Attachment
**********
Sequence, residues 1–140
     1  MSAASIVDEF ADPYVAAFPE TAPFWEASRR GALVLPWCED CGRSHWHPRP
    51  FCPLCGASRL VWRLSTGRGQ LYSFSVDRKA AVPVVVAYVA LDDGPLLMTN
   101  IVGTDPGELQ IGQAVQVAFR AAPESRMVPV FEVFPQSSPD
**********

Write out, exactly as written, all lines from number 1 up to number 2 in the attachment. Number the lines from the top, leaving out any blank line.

Sequence, residues 1–140
     1  MSAASIVDEF ADPYVAAFPE TAPFWEASRR GALVLPWCED CGRSHWHPRP